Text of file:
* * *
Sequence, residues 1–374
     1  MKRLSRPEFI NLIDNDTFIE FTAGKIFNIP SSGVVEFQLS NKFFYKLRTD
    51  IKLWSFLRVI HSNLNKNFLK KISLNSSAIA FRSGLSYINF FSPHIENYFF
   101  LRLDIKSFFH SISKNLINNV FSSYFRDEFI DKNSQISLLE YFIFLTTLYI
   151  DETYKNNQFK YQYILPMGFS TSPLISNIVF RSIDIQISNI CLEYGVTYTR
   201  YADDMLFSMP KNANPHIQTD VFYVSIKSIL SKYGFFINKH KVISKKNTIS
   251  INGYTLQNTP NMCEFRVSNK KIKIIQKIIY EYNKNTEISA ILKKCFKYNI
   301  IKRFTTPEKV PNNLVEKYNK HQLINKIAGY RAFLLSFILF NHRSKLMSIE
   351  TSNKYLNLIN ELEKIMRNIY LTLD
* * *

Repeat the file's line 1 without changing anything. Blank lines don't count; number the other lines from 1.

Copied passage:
Sequence, residues 1–374